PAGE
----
Academic journal article Environmental Health Perspectives

Exposure Measurement Error in Time-Series Studies of Air Pollution: Concepts and Consequences

Academic journal article Environmental Health Perspectives

Exposure Measurement Error in Time-Series Studies of Air Pollution: Concepts and Consequences

Article excerpt

Misclassification of exposure is a well-recognized inherent limitation of epidemiologic studies of disease and the environment. For many agents of interest, exposures take place over time and in multiple locations; accurately estimating the relevant exposures for an individual participant in epidemiologic studies is often daunting, particularly within the limits set by feasibility, participant burden, and cost. Researchers have taken steps to deal with the consequences of measurement error by limiting the degree of error through a study's design, estimating the degree of error using a nested validation study, and by adjusting for measurement error in statistical analyses. In this paper, we address measurement error in observational studies of air pollution and health. Because measurement error may have substantial implications for interpreting epidemiologic studies on air pollution, particularly the time-series analyses, we developed a systematic conceptual formulation of the problem of measurement error in epidemiologic studies of air pollution and then considered the consequences within this formulation. When possible, we used available relevant data to make simple estimates of measurement error effects. This paper provides an overview of measurement errors in linear regression, distinguishing two extremes of a continuum-Berkson from classical type errors, and the univariate from the multivariate predictor case. We then propose one conceptual framework for the evaluation of measurement errors in the log-linear regression used for time-series studies of particulate air pollution and mortality and identify three main components of error. We present new simple analyses of data on exposures of particulate matter [is less than] 10 [micro]m in aerodynamic diameter from the Particle Total Exposure Assessment Methodology Study. Finally, we summarize open questions regarding measurement error and suggest the kind of additional data necessary to address them. Key words: air pollution, design methods, exposure, measurement error, time-series. Environ Health Perspect 108:419-426(2000). [Online 24 March 2000] http://ehpnet1.niehs.nih.gov/docs/2000/108p419-426zeger/abstract.html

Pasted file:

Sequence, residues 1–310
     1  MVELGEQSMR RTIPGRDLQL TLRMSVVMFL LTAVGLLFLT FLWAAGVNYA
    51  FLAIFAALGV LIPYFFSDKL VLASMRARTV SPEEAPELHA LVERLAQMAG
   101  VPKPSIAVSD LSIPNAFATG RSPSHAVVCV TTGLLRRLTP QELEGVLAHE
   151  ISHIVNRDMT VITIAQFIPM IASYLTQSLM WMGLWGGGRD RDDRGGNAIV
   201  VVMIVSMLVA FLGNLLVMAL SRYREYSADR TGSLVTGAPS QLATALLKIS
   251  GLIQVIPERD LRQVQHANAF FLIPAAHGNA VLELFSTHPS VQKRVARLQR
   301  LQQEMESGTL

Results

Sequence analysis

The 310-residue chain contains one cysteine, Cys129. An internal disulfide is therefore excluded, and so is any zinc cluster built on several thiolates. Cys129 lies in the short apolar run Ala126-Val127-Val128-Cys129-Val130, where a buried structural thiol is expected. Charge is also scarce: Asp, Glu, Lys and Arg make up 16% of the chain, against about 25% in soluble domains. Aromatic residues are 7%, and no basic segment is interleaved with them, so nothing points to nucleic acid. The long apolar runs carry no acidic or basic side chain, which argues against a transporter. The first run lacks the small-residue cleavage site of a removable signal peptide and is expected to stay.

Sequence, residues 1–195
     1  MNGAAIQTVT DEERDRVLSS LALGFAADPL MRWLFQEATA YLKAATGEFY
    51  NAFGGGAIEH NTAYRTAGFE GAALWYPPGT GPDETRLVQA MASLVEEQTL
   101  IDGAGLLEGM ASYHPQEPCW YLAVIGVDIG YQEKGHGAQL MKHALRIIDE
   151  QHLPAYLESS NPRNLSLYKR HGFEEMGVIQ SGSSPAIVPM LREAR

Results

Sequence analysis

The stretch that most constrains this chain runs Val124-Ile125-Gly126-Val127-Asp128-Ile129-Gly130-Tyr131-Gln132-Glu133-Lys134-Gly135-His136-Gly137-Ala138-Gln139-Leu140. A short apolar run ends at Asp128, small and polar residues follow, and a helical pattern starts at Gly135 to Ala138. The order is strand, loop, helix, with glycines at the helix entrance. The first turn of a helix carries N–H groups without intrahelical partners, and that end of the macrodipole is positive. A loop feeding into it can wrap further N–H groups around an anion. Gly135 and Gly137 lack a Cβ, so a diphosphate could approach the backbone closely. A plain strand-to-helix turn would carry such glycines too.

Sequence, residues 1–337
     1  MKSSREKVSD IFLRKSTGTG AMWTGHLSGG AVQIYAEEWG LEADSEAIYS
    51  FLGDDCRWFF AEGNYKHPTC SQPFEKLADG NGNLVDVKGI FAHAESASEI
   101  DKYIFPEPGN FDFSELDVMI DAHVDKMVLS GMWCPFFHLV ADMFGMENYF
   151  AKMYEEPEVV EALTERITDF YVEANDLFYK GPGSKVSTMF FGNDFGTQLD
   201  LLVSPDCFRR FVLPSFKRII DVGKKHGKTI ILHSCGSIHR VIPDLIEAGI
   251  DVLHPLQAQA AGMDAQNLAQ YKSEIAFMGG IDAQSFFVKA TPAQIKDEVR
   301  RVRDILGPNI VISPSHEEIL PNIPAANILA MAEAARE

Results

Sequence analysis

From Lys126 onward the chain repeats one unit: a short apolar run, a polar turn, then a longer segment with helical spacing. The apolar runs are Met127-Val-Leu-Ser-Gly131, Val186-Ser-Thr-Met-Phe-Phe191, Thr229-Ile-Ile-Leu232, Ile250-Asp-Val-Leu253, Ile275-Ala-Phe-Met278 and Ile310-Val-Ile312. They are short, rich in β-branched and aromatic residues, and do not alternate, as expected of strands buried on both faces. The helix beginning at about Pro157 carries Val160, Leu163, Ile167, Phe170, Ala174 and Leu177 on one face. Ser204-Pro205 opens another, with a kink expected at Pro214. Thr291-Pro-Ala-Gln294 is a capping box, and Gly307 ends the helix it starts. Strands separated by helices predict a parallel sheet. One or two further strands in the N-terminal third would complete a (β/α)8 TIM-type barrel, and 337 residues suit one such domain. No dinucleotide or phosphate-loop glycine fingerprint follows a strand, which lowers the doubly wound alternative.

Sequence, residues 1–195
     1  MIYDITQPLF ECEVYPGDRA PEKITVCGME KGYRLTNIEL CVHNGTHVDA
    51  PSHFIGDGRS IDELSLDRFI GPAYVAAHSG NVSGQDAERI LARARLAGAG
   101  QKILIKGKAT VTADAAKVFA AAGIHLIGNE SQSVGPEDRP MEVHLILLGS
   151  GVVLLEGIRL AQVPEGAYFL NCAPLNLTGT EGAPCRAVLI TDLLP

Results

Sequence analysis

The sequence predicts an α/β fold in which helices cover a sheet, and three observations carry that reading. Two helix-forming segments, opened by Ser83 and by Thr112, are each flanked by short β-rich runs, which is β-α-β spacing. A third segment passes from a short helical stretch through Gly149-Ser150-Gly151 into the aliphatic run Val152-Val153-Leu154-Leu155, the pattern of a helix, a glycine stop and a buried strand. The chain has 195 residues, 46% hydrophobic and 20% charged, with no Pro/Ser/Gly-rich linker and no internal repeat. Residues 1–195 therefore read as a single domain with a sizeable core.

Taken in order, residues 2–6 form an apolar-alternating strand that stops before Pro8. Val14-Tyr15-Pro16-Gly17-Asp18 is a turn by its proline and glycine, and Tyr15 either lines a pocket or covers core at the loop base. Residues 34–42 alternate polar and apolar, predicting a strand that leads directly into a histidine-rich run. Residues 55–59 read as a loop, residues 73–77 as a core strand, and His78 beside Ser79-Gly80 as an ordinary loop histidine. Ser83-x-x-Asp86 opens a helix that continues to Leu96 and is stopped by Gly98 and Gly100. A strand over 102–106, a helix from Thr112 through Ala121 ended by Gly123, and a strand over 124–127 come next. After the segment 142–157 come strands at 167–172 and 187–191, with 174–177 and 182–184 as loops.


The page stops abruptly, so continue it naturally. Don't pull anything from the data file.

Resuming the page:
Misclassification of exposure has long been recognized as an inherent limitation of epidemiologic studies of the environment and disease (1). For many agents of interest, exposures take place over time and in multiple locations so that it is difficult to accurately estimate the relevant exposures for individual study participants, particularly within the limits set by feasibility, participant burden, and cost. In general, exposure measurement error tends to blunt the sensitivity of epidemiologic studies for detecting the effects of environmental agents, although the specific impact of exposure error on effect estimates depends on several factors including the study design, the types of error, and the relationships between the outcome and the independent variables (1,2). As the problem of exposure error has become well recognized, researchers have taken steps to control its consequences by limiting the degree of error through careful study design and data collection, by estimating the degree of error using a nested validation study, and by making adjustments for measurement error in statistical analyses.

In this paper, we address the problem of exposure error in observational ecologic time-series studies of air pollution and health. The pollution of outdoor air is a public health concern throughout the world. For decades, epidemiologic studies have been a cornerstone of our approach to investigating the health effects of air pollution and have been a principal basis for setting regulations to protect the public against adverse health effects. Two broad types of observational study designs have been used in research on air pollution: ecologic or aggregate-level studies, either cross-sectional or time-series in design, and individual-level studies, primarily of the cross-sectional or cohort designs. …

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